While some writers might think decent relievers are worthy of MVP votes, I tend to disagree. OK, to be fair, it was just one writer. Still, how anyone could think Jeremy Affeldt was the 10th most valuable player in the National League is something I find to be utterly ridiculous.
OK, what does this have to do with anything? Well, every season there are some good to very good free agent relievers available. And what do you know, every season there are Yankee fans clamoring for Brian Cashman to get them signed.
There are three relievers who have had their names thrown around in relation to the Yankees: Rafael Betancourt, Mike Gonzalez, and Rafael Soriano.
It seems like the Yankees have expressed interest in Gonzalez on an almost yearly basis, so it is no surprise to see him connected with them this offseason. Now, don't get me wrong, all three of these guys are upper-end relievers.
That doesn't mean the Yankees should be pursuing them. For starters, they are Type-A free agents. If you're signing a big fish, giving up a first round pick isn't a big deal.
The value of a first-round pick can be debated, but the average pick does provide the team with some surplus value (their play is worth more than how much they're paid).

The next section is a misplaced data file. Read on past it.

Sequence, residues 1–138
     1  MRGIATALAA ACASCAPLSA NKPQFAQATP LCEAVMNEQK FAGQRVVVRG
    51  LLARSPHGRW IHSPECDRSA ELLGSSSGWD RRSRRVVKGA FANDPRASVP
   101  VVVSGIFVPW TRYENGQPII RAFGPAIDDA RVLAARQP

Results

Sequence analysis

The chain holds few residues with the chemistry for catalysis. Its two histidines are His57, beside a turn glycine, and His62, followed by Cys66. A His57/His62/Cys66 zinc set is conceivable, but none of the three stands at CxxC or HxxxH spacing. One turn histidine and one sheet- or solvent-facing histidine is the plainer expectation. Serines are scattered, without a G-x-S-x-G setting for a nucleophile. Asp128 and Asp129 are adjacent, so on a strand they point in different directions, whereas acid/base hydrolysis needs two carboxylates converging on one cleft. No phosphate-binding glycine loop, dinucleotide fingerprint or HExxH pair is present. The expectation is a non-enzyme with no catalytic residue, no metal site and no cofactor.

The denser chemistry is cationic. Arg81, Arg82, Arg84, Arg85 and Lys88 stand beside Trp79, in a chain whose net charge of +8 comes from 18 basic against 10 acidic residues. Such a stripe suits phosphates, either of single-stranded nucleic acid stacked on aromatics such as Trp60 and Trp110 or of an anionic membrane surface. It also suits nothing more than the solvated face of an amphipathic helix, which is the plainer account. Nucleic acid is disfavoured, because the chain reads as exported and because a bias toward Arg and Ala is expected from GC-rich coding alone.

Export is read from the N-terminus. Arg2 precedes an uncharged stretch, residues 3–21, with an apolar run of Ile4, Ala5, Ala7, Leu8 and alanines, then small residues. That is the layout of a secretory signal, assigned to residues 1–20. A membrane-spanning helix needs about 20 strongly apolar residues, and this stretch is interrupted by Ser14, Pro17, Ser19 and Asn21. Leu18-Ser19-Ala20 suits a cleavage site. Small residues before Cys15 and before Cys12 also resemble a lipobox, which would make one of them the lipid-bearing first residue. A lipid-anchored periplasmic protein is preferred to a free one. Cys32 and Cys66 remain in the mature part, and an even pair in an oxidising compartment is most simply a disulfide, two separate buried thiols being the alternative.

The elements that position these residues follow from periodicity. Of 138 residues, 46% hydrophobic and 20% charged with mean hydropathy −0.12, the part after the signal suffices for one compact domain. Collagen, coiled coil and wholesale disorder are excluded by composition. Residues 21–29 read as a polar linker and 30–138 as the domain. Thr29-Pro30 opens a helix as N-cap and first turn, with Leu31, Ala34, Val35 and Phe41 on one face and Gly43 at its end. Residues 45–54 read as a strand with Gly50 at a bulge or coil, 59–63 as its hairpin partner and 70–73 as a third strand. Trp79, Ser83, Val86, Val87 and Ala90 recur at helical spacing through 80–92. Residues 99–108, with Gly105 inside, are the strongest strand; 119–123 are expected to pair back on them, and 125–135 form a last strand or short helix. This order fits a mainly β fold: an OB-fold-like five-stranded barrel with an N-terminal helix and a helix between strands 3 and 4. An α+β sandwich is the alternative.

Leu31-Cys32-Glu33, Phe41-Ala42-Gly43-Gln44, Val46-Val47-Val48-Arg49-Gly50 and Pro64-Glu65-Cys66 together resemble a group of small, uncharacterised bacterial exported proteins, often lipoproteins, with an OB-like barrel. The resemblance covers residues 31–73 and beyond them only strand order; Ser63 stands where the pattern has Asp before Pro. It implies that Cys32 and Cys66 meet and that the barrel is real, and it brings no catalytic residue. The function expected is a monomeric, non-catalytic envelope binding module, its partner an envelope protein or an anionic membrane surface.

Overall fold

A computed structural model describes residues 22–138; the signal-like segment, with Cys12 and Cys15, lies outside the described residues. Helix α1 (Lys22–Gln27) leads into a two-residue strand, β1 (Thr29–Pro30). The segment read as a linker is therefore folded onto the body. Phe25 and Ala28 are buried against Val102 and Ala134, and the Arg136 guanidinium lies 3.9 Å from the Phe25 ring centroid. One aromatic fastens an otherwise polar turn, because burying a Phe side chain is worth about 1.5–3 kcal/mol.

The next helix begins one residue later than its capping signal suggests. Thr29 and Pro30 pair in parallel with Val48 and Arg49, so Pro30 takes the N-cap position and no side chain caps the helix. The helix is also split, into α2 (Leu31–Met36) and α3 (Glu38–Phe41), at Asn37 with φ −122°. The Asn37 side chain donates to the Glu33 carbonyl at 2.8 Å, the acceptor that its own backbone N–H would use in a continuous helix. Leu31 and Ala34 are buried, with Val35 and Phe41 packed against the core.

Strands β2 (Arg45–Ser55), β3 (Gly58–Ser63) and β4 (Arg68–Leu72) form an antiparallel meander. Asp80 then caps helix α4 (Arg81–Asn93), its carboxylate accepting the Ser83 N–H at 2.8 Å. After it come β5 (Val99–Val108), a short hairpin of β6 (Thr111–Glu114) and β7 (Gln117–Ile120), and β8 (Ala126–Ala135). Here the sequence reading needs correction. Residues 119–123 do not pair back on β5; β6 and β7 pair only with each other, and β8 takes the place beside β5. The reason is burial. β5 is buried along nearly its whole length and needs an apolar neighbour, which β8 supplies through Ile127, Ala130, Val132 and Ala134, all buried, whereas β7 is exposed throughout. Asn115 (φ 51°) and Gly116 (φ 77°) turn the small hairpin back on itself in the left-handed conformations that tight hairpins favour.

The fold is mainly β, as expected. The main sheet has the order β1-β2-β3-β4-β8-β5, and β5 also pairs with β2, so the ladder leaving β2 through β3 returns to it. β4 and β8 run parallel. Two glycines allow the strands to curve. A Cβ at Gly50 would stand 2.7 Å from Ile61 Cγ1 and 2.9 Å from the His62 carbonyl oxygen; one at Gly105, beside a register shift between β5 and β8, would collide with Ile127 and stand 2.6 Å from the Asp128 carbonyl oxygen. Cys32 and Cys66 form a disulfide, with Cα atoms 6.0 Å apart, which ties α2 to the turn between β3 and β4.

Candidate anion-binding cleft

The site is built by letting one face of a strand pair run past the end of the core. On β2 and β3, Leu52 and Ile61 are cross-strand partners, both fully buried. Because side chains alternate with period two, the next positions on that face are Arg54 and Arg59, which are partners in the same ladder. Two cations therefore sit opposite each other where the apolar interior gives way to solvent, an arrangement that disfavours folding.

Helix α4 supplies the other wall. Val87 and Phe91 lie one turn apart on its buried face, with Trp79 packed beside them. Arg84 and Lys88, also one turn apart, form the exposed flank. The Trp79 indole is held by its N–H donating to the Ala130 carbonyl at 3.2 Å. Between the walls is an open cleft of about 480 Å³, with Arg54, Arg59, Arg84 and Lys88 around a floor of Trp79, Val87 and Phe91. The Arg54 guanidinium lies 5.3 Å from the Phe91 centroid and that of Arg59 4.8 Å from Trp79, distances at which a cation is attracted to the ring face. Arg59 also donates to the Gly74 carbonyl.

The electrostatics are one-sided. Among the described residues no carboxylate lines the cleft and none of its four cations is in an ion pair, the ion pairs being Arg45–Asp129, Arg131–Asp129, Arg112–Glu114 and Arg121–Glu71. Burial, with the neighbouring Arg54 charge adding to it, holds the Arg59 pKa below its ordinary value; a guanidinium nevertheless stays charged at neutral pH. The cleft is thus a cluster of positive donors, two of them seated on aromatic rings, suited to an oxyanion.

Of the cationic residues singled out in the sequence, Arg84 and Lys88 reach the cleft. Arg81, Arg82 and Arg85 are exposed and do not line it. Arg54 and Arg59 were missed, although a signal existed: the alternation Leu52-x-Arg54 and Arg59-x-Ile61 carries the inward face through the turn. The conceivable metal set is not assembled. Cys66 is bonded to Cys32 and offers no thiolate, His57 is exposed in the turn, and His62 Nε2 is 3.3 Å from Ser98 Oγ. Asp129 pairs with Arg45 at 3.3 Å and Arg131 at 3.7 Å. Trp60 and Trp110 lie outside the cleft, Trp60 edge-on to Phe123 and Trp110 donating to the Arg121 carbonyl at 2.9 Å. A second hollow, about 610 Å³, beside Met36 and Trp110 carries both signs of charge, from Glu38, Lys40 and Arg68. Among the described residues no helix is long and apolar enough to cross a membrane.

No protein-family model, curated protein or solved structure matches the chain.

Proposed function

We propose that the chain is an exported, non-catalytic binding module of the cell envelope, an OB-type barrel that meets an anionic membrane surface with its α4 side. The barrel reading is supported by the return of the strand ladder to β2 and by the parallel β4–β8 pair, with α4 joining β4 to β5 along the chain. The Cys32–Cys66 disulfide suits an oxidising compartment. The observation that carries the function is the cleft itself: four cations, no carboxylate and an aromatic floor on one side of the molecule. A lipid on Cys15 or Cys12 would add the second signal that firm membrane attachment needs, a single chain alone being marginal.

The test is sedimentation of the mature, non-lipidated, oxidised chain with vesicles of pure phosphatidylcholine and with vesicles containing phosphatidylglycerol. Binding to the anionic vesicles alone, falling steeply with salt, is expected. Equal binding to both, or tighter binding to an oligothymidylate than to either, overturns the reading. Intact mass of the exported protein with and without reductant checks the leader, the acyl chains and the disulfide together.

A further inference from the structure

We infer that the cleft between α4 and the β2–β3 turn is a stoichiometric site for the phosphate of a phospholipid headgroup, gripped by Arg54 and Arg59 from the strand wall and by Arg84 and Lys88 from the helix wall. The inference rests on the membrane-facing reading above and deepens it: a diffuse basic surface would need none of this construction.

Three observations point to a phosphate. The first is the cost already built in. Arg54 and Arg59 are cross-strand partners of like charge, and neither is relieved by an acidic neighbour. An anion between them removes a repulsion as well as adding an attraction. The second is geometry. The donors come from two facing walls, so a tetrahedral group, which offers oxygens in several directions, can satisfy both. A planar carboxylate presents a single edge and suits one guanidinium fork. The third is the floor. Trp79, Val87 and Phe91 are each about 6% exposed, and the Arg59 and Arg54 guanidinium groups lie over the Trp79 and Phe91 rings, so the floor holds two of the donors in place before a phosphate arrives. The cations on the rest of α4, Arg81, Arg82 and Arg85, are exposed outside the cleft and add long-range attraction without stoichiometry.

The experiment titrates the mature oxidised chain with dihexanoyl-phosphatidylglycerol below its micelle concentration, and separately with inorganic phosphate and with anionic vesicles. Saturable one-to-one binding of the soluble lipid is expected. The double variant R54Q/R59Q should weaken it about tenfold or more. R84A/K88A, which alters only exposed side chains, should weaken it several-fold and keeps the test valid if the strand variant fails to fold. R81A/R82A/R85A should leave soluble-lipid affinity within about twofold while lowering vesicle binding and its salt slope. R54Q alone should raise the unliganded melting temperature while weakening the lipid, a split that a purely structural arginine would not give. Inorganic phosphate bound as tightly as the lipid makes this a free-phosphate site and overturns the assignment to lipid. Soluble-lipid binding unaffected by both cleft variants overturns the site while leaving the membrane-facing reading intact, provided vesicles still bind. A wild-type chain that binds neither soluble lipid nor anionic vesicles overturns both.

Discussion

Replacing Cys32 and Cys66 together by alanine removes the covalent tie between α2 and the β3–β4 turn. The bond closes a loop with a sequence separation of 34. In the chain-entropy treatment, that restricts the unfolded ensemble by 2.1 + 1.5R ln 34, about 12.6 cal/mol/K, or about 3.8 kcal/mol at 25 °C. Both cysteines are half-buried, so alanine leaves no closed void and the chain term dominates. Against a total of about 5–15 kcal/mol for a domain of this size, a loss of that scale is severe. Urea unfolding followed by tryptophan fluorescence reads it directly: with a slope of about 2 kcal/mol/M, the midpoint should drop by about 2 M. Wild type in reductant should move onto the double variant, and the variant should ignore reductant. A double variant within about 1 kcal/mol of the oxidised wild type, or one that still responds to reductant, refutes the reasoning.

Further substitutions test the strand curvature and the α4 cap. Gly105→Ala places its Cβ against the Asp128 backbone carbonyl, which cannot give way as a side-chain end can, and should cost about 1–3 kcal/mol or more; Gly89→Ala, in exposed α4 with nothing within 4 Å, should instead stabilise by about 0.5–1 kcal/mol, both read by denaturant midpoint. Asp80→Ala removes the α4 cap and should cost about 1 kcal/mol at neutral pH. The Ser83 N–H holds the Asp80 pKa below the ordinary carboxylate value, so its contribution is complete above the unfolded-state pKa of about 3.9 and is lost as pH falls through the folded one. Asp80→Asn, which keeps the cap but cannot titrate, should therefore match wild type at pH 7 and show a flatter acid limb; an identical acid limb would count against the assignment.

Now, a team like the Yankees isn't really built on surplus value. All of their big-name players are paid at around their market value. Basically, a team like the Rays is built on surplus value, the Yankees are one team that is more than willing to pay for their wins.
So hey, maybe they should go ahead and buy every free agent with no discourse. We've learned that hasn't worked in the past. Even the Yankees, with their almost unlimited payroll, still need to have a balance of free agents and homegrown players.
Now I'm getting off topic, so back to the matter at hand. The Yankees' bullpen was one of the best ones in the league in 2009. Yes, they'll be losing Phil Hughes to the rotation, but the Yankees have plenty of options to take his spot.
I know it will be nearly impossible to replace the 2009 Phil Hughes in the bullpen, but that's because he was probably the best relief pitcher in all of baseball. Even keeping Hughes in the bullpen wouldn't adequately replace him; there's almost no chance he would put up similar numbers to what he did last season.
The Yankees have plenty of reinforcements, though. Signing a guy like Soriano honestly would not replace Hughes' production, and it is doubtful it would even net the Yankees an extra win over the course of the season.
With David Robertson and Damaso Marte, the Yankees have two relievers who are capable of holding down the eighth inning. After that, there is no shortage of capable relievers. Cashman has employed the strategy of throwing relievers at the wall and seeing what sticks. Why change that now after two seasons of success?
I could get into confidence intervals and mathematics and dollar values of why the Yankees shouldn't give up a first round pick for a reliever, but I don't think it's necessary.
Paying a Type-A reliever his market rate will provide little-to-no surplus value, and the average first round pick does. It's just that simple.